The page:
Miguel Ángel Aijón Oliva
But just say the word

Yet another orange


OrangeThank Bog, O my brothers, that them oozhassny views of language as automatically determined by social ascription are now starting to be viddied as chepooka, and will end up by snuffing it. What our slovos actually do is like turn us into something we want to be. In this sense, nadsat ways of govoreeting are always quite interessovatting to analyze—they can provide dorogoy information as to what makes one molodoy in a community. If you use them at the wrong razzes, it just won’t rabbit. Lewdies are not that gloopy.

As is well known, nadsats use expressions as resources for the development of gruppa ties with their droogs just as they differentiate themselves from others—mainly adult chellovecks. And we starry moodges and baboochkas can get rather mad when we sloosh those strange slovos coming out of their rots. We can call them vulgar or illiterate with their overabundance of like I was like wow like I mean you know, but the truth is that we also were malenky once and our deds probably thought we govoreeted just baddiwad. It may not be your average Shakespear cal or zvook like Ludwig van, but it is often bugatty in expressiveness and—more importantly—it appears to fit one’s communicative needs horrorshow at that stage of jeezny. It is like indexical of a culture based on warbles, sinny and the Internet, with little if any shilarny for logical messel.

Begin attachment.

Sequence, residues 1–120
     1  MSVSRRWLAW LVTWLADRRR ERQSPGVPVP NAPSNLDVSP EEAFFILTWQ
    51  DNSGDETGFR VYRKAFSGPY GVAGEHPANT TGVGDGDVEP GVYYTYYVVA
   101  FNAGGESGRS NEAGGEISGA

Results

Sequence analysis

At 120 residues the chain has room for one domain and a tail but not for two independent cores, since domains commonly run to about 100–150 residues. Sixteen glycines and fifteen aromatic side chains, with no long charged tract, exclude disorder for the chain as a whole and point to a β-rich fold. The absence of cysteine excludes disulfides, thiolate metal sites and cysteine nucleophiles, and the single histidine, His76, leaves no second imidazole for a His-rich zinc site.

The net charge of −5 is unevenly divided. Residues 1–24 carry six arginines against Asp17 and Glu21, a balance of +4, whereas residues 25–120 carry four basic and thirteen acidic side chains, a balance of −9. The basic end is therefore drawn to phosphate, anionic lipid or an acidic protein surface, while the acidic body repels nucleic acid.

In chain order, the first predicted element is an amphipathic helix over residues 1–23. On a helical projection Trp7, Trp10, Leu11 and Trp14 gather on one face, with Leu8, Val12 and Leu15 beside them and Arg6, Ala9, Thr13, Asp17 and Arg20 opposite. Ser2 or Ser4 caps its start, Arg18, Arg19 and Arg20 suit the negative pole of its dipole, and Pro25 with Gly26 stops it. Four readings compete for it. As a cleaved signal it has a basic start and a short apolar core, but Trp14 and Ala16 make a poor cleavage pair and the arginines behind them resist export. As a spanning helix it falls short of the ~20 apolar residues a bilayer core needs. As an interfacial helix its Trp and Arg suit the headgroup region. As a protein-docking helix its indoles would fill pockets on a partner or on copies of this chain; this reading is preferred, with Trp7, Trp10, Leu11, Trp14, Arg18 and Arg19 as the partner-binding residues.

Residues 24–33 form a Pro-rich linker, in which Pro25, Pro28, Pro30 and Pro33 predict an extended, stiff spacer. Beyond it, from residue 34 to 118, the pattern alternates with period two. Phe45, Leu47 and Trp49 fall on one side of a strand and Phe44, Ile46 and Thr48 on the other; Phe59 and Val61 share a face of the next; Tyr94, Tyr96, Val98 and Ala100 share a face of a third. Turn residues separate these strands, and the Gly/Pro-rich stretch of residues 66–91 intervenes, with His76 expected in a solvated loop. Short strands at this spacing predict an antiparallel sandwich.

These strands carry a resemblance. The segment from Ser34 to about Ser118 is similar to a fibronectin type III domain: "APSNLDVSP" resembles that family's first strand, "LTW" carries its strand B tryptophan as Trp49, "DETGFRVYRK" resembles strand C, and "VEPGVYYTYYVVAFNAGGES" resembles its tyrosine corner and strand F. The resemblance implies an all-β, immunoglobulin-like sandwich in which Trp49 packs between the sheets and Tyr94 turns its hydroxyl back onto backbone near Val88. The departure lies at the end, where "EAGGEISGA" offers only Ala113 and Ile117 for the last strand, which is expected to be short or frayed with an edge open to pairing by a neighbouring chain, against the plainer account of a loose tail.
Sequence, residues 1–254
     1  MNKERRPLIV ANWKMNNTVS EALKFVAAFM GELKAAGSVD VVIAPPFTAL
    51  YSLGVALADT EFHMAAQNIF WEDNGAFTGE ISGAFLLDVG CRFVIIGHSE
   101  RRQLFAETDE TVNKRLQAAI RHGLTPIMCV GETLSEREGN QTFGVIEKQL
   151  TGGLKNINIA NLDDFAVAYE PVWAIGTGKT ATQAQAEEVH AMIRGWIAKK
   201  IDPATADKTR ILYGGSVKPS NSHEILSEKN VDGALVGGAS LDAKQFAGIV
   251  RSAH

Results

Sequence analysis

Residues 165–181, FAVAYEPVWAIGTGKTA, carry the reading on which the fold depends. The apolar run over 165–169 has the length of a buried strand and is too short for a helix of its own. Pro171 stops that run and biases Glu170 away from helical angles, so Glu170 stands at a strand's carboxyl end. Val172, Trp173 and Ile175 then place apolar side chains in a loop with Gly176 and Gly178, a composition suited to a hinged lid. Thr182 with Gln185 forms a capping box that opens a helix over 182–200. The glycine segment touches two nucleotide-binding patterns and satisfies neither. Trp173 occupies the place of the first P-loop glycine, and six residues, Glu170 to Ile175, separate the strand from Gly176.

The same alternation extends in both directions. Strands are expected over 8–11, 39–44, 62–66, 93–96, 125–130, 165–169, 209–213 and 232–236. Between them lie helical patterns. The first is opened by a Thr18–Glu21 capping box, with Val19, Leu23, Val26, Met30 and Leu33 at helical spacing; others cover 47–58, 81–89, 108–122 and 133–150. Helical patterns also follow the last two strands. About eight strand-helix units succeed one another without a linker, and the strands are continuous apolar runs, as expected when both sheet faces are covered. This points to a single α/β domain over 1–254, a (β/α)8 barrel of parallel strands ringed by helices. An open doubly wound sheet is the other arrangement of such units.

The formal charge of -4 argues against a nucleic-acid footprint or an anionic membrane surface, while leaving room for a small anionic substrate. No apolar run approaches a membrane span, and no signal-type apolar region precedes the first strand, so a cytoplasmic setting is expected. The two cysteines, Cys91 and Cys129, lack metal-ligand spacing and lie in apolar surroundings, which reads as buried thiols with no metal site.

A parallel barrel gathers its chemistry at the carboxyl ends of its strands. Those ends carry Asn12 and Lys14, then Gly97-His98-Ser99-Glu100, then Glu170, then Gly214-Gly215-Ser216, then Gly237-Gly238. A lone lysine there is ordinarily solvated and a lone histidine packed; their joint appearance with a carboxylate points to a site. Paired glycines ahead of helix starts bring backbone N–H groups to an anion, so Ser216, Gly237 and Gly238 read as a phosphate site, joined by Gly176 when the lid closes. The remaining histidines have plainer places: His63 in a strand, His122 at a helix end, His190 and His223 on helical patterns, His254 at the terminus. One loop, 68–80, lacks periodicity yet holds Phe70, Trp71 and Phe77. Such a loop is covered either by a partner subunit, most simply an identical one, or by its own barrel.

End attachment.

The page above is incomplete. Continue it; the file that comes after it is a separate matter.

At the same time, the truth is that it grows like outdated real skorry, and that is why the zammechat author Anthony Burgess, rather than trying to imitate what malchicks skazatted, invented a kind of jargon that no odin did actually use. So now, more than fifty years later, it sounds as bezoomny and choodessny as it used to.




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